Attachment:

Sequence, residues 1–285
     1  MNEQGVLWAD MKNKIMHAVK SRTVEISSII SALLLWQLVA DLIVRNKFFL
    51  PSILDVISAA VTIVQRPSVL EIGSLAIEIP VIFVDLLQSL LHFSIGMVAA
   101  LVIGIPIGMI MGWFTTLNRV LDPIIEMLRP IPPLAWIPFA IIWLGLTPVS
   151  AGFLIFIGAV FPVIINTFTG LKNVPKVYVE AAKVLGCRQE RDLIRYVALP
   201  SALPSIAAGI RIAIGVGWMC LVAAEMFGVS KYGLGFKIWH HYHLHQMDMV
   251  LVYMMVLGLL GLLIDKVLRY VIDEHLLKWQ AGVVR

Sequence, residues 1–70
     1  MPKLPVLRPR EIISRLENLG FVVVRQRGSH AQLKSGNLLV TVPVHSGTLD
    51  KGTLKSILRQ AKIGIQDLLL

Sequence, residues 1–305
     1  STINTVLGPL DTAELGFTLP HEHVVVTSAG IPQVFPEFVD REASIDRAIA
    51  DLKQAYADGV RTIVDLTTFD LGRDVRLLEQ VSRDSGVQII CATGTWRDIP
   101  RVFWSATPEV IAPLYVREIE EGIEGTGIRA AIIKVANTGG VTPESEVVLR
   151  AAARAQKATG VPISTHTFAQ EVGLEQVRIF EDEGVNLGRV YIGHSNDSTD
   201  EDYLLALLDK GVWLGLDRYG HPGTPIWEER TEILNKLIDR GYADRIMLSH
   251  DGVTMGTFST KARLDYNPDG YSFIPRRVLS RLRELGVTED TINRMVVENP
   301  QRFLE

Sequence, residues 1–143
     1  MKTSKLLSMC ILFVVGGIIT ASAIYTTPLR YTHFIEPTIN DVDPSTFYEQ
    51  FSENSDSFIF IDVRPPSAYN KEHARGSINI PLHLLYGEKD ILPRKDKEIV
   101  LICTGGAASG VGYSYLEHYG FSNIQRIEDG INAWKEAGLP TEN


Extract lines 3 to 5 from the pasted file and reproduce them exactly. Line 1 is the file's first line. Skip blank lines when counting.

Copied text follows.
    51  PSILDVISAA VTIVQRPSVL EIGSLAIEIP VIFVDLLQSL LHFSIGMVAA
   101  LVIGIPIGMI MGWFTTLNRV LDPIIEMLRP IPPLAWIPFA IIWLGLTPVS
   151  AGFLIFIGAV FPVIINTFTG LKNVPKVYVE AAKVLGCRQE RDLIRYVALP